He says he needs people to see that things aren’t so bad and then reveals that his goal is to paint a reality that will bring change- or to get people to believe that this reality can come true.
Which is maybe why he has been able to hang on as the head of Sears. He was able to convince shareholders, board members and others that a revival was just around the corner. Maybe they wanted to believe that a turnaround was possible and Lampert was able to give them what they wanted.
On March 13, President Trump gathered on the White House lawn with executives from a number of corporations. The President stated there would be testing done at several major chains such as Target, Walmart and CVS. I remember sitting in church hearing this press conference and was surprisingly pleased that maybe this President was going to take this crisis seriously.
Nope. The President was just flinging bull yet again:
…according to the Washington Post, there are only four drive-through testing sites as of last week among the 26,400 stores those retailers operate: two at Walmart locations near Chicago, one each at a CVS in central Massachusetts and a Walgreens in the Chicago area, and none at Target. Rite-Aid, which was not represented at the press conference, has also opened one drive-through site in Philadelphia.
Why would the President just bullshit his way on something so serious as a pandemic? When it comes to the President, most of his followers are aware that a lot of what Trump says isn’t true. They weren’t expecting that there were going to be testing sites tomorrow. That doesn’t matter to them. Trump isn’t the usual politician, but a salesman. Like Lampert, Trump was involved in real estate. He tells people what they really want to hear and even if it doesn’t totally come true it doesn’t matter- what matters is that Trump gives them the reality they desire and he is able to get his way. In the case of the March 13 press conference, he was able to create a reality for himself and his fans where he was doing something about the crisis, even if the reality was far different.
But at the end of the day, we must ask ourselves why bullsh**ting is dangerous and how to combat it. Let’s take these one at a time.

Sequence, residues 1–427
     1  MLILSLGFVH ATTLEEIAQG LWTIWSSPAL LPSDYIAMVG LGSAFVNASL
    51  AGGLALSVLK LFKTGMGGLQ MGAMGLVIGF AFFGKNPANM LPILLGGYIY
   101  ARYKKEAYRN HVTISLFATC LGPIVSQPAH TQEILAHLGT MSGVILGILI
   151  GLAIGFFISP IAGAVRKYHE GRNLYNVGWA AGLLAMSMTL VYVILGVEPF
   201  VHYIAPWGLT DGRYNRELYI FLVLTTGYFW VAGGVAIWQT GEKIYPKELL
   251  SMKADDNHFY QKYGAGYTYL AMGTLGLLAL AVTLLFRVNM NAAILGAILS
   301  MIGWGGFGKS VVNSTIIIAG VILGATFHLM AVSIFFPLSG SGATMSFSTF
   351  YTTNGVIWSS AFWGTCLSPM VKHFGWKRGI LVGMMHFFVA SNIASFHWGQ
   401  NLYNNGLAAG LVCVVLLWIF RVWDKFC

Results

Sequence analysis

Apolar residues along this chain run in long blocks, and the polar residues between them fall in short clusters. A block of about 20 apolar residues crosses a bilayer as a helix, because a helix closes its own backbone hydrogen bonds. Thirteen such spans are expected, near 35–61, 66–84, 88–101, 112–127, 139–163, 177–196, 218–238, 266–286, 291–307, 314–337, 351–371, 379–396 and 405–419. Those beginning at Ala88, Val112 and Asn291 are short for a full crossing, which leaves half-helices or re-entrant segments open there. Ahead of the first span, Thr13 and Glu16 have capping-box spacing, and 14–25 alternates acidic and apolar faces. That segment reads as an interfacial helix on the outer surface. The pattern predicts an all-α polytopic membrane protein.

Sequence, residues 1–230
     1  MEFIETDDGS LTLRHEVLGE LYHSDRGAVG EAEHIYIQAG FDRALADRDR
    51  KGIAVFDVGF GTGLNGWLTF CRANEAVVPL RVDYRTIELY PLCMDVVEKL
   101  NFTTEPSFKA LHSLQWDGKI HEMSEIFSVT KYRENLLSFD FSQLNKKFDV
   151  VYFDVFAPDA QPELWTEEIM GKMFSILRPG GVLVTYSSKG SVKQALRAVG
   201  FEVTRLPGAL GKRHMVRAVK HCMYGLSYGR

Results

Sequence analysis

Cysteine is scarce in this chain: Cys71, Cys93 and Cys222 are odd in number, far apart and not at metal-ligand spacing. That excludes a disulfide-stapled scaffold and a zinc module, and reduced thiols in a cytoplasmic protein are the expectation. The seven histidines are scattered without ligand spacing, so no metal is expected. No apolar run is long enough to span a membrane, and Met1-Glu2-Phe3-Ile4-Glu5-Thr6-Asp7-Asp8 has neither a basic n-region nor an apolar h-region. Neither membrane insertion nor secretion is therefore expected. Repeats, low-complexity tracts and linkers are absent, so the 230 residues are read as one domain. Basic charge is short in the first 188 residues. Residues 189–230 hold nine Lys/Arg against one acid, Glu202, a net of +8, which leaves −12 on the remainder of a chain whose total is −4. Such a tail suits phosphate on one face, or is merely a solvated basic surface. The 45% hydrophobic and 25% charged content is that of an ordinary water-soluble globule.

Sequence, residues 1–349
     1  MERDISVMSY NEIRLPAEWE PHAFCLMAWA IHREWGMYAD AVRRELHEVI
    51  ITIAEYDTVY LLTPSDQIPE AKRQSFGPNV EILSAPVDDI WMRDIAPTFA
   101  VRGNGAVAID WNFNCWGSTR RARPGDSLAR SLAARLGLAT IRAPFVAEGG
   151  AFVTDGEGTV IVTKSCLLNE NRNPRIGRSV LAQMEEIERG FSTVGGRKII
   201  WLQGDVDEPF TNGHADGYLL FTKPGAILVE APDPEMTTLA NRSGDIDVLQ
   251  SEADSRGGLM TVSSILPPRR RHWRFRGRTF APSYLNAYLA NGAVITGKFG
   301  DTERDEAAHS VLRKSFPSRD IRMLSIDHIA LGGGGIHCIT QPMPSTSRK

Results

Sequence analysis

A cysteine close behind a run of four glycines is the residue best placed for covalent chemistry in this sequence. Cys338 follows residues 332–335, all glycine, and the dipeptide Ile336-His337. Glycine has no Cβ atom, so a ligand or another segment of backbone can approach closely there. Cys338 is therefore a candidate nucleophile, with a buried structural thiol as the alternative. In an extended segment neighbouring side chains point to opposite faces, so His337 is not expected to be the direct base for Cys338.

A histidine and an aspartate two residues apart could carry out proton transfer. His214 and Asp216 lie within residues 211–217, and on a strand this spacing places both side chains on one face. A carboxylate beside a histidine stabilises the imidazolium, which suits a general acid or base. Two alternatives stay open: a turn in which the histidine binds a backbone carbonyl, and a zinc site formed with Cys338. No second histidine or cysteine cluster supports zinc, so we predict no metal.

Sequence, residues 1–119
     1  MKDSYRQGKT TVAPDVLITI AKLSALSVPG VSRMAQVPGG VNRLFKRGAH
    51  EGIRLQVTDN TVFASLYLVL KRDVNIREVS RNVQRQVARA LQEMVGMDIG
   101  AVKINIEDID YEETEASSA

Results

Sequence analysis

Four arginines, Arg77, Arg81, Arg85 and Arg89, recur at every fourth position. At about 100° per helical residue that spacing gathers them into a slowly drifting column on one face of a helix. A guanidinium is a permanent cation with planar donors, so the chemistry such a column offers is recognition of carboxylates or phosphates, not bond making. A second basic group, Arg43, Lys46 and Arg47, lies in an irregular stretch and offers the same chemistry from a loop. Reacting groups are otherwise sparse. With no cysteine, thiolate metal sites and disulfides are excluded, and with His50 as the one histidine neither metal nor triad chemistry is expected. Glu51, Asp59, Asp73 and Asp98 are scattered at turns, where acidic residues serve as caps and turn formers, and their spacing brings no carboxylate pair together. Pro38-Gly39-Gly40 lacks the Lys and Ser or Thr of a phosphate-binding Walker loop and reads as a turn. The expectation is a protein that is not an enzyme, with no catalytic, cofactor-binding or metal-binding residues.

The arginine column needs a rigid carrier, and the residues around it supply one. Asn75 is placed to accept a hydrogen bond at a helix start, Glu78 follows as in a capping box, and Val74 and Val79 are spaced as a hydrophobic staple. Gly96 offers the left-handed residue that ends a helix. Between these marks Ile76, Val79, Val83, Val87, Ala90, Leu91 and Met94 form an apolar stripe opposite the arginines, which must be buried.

First BSing is dangerous because it can have adverse effects on people. President Trump is telling people he is taking hydroxychloroquine as a prophylactic against the coronavirus. Most people think he isn’t taking the drug. Trump doesn’t care if hydroxychloroquine works or not. But what it does is sow doubt in the experts and makes the President into something of a genius even though he has no idea how the drug will work and frankly doesn’t care.
For a democracy to work, you have to trust others. In fact, you have to trust that some people might know more about an issue than you do and you have to give that person the power to make decisions on your behalf. But if a demagogue comes along and tells people that they shouldn’t listen to Senator so-and-so or Dr. so-and-so about a certain issue or illness and people start to not listen to the expert or the leader. They lose legitimacy and the BS artist is lifted up and ready to do more damaging bullsh*tting about another issue.
How do we stop bullshitting? That means calling out the bullshit. People have to be willing to ask questions about the comment. Calling out the BS gives other people permission to ask more and more questions about the BS and that weakens the power of the person shoveling the BS.
What would have happened if journalists and politicians were willing to ask Trump hard questions in 2016? Would Lampert have been able to keep wrecking Sears if someone on the board had asked the Chairman the specifics of his vaunted turnaround plan? Who knows, but maybe asking for some proof, some evidence would have caused people to stop, think and hold the bullsh**ter accountable.
There is actually an old tale about bullshitting. The Emperor’s new clothes tells the story of two tailors who promise a king that they will make the most dazzling garment for him. Whenever the king came by, they would tell him they were working on a loom that wasn’t really there. But they acted like it was and the king, wanting approval, went along. When the king’s “clothes” were done, he again pretended to see the clothing even though there were not clothes. The tailors are able to get the king to strip naked and put on his new “clothes.” His advisors were also afraid to point out the obvious and they talked about how beautiful it was.
The final scene of the tale has the king marching down the street showing of his new ensamble to his subjects. Everyone knew the king was naked. Even the king knew he was naked. But no one says anything, except for one young boy who was too young to know any better. He tells his Mom in a loud voice, “the king has no clothes!”
If we want American society to be healthy, then we need to have more little boys who are willing cut through the BS. We can’t afford having more people who can’t admit the king is walking around in the buff.